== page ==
RHODESIDE
Steve Ruark  /  AP
Elliot Rhodeside from Alexandria, Va., walks past a lightbox display at the National Aquarium in Baltimore's Animal Planet Australia: Wild Extremes exhibit. The exhibit features 1,800 animals representing 120 species that are native to Australia.
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updated 5/12/2006 7:36:24 PM ET 2006-05-12T23:36:24

Winter has descended in full force upon Baltimore, except at the National Aquarium's new Australian exhibit where it's always spring in the Outback.

That means temperatures in the 80s, the sound of the coming monsoon season rumbling in the background, humidity to match, and parrots and lizards on the prowl all around.

While king parrots, Galah cockatoos, budgies and finches flit freely above visitors, and the odd lizard clings to a rocky outcropping, the crocodiles, snakes and fish are all safely behind glass.

Like the aquarium's rain forest exhibit, the Australian exhibit is an immersion exhibit in which visitors walk among the animals in a setting resembling the wild.

"We want people to forget they are in Baltimore, even for a moment," said Allan Sutherland, the aquarium's director of exhibits. "And help them forge that personal connection with the natural world."

Slideshow: Awesome Australia Australian river gorges range from dry and fire-scorched to monsoon soaked and completely filled with rushing water. The exhibit, which opened to the public Dec. 16, depicts a river gorge at the beginning of the monsoon season, known as 'the build,' in Australia, said Jack Cover, the aquarium's general curator.

"The winter is dry, but October and November is their spring, that's 'the build,' when it gets incredibly humid," Cover said.

Mist sprinkles down occasionally as visitors wind through reinforced concrete manicured to resemble rocks that have been scoured by millions of years of rushing water. Tanks on both sides are filled with olive pythons, freshwater crocodiles and the shingleback skink, a foot-long lizard with pine-cone scales and a stumpy tail in which it stores fat to survive the dry season.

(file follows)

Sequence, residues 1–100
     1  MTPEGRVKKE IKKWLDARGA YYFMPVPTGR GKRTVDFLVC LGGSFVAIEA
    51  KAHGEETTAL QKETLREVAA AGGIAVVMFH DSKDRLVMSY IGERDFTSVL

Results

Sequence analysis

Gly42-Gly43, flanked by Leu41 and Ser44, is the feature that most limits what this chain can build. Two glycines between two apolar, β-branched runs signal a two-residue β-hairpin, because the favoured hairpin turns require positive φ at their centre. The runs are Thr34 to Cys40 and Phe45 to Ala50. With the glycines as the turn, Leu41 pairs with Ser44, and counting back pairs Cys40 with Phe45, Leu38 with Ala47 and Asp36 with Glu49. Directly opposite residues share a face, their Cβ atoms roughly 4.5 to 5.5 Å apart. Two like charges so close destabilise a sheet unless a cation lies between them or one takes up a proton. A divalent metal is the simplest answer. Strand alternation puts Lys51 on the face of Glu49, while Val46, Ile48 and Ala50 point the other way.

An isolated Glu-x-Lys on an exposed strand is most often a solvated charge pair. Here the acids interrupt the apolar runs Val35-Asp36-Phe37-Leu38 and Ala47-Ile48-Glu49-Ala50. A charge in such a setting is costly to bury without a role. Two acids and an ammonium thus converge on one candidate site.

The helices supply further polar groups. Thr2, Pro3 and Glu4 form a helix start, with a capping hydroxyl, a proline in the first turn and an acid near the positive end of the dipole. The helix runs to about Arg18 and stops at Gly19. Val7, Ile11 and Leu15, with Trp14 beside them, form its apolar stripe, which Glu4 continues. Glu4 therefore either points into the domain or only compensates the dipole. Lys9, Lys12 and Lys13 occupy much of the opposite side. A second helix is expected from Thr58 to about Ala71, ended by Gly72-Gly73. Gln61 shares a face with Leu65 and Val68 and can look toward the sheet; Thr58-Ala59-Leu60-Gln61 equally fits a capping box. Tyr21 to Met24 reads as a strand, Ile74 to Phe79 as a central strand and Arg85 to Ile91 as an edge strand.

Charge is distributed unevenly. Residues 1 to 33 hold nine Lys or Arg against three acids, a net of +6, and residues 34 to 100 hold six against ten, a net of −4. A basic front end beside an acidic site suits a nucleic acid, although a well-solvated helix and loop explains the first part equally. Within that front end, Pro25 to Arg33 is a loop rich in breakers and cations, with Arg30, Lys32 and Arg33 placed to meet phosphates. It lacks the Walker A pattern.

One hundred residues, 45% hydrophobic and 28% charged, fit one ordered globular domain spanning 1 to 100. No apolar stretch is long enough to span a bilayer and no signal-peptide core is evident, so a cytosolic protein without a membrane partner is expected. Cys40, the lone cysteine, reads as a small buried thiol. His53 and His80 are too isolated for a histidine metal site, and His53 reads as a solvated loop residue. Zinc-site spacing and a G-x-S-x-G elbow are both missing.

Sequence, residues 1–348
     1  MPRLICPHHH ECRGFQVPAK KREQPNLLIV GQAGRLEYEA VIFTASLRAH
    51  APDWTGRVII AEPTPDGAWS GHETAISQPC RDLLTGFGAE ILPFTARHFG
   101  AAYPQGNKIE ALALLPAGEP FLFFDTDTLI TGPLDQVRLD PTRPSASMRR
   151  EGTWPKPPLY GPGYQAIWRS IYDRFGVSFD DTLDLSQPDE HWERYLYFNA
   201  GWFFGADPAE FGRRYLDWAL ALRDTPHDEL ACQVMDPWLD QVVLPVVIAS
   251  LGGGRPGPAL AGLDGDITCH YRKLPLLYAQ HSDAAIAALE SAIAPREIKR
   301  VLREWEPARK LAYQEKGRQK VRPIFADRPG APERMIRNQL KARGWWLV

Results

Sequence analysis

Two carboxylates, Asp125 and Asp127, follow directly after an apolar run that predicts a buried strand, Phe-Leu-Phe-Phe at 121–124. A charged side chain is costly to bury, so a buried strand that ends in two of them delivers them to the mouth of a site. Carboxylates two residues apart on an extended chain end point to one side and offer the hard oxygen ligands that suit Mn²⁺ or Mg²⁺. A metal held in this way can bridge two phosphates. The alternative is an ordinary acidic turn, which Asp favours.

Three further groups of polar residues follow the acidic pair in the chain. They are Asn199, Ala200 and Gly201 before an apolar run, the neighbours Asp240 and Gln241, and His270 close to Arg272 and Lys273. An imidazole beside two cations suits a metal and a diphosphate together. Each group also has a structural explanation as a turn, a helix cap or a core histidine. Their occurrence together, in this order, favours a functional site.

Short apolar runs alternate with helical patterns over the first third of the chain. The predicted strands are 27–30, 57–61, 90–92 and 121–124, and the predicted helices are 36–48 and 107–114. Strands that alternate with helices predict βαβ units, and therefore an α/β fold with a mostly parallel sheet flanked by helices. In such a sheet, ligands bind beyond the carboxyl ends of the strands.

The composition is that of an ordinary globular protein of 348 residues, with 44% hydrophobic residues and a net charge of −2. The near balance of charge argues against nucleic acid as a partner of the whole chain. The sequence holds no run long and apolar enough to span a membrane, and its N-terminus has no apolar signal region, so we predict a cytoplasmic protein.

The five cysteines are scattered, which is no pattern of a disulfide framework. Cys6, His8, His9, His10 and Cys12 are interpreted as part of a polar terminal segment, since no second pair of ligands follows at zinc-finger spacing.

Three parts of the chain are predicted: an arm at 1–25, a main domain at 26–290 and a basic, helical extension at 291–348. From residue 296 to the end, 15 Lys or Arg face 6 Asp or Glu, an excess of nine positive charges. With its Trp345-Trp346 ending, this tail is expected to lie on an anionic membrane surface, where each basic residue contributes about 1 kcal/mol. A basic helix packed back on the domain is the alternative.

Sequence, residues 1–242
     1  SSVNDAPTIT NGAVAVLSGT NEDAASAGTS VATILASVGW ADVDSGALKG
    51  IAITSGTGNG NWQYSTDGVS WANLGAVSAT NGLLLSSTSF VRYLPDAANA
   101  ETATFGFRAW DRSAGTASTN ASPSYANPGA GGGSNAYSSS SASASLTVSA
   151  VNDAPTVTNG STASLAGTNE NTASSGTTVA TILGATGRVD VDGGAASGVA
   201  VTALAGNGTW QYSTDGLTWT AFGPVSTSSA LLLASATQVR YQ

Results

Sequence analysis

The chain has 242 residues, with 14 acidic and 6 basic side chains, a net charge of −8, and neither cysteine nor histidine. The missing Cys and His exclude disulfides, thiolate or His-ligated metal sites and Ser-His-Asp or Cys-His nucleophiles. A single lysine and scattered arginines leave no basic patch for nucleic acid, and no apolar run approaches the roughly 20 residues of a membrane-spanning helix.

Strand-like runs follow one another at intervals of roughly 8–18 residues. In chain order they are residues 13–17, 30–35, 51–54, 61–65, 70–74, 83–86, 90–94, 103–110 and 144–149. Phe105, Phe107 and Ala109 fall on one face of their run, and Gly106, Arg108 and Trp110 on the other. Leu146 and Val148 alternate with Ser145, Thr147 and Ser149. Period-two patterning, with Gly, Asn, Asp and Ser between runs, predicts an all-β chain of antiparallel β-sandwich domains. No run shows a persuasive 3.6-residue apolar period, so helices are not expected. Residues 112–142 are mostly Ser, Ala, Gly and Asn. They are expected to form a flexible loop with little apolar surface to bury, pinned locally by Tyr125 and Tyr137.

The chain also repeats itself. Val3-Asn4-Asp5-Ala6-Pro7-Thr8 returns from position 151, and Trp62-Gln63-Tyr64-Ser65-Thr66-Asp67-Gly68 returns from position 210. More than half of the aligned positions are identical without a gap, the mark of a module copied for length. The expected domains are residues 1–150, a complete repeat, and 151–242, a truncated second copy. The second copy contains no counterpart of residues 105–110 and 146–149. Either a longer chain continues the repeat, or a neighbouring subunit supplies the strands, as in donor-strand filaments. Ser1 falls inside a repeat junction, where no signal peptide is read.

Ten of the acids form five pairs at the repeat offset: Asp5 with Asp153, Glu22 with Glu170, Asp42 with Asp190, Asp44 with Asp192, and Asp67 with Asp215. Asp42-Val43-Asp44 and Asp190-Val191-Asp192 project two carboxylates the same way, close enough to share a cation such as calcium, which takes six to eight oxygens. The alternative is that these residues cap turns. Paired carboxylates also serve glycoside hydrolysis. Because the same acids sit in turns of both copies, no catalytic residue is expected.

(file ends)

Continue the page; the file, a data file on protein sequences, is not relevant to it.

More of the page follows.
The exhibit, however, does not contain two of Australia's most well-known animals, the kangaroo and koala, which are not native to the river gorge environment. It does feature a 35-foot waterfall, the second-largest in Maryland, and aboriginal paintings based on those found in the Outback.

The drawings, depicting fish, hands and other objects, "show a human connection to the natural world, which is really what the aquarium is all about," Sutherland said.

The exhibit was developed along with Discovery Communications and named "Animal Planet Australia: Wild Extremes" after Discovery's Animal Planet cable channel dedicated exclusively to animals.

Animal Planet developed an orientation film for the exhibit to give visitors background on the Northern Territory region of Australian that inspired the exhibit, and has the opportunity to develop television programming about the aquarium's research and exhibits.

If You Go:

NATIONAL AQUARIUM: 501 E. Pratt St. in Baltimore's Inner Harbor;  or (410) 576-3800. Through February, 10 a.m.-5 p.m. daily, and until 8 p.m. on Fridays. Call or visit the Web site for spring and summer hours. Adults, $21.95; children 3-11, $14.95.

Copyright 2005 The Associated Press. All rights reserved. This material may not be published, broadcast, rewritten or redistributed.

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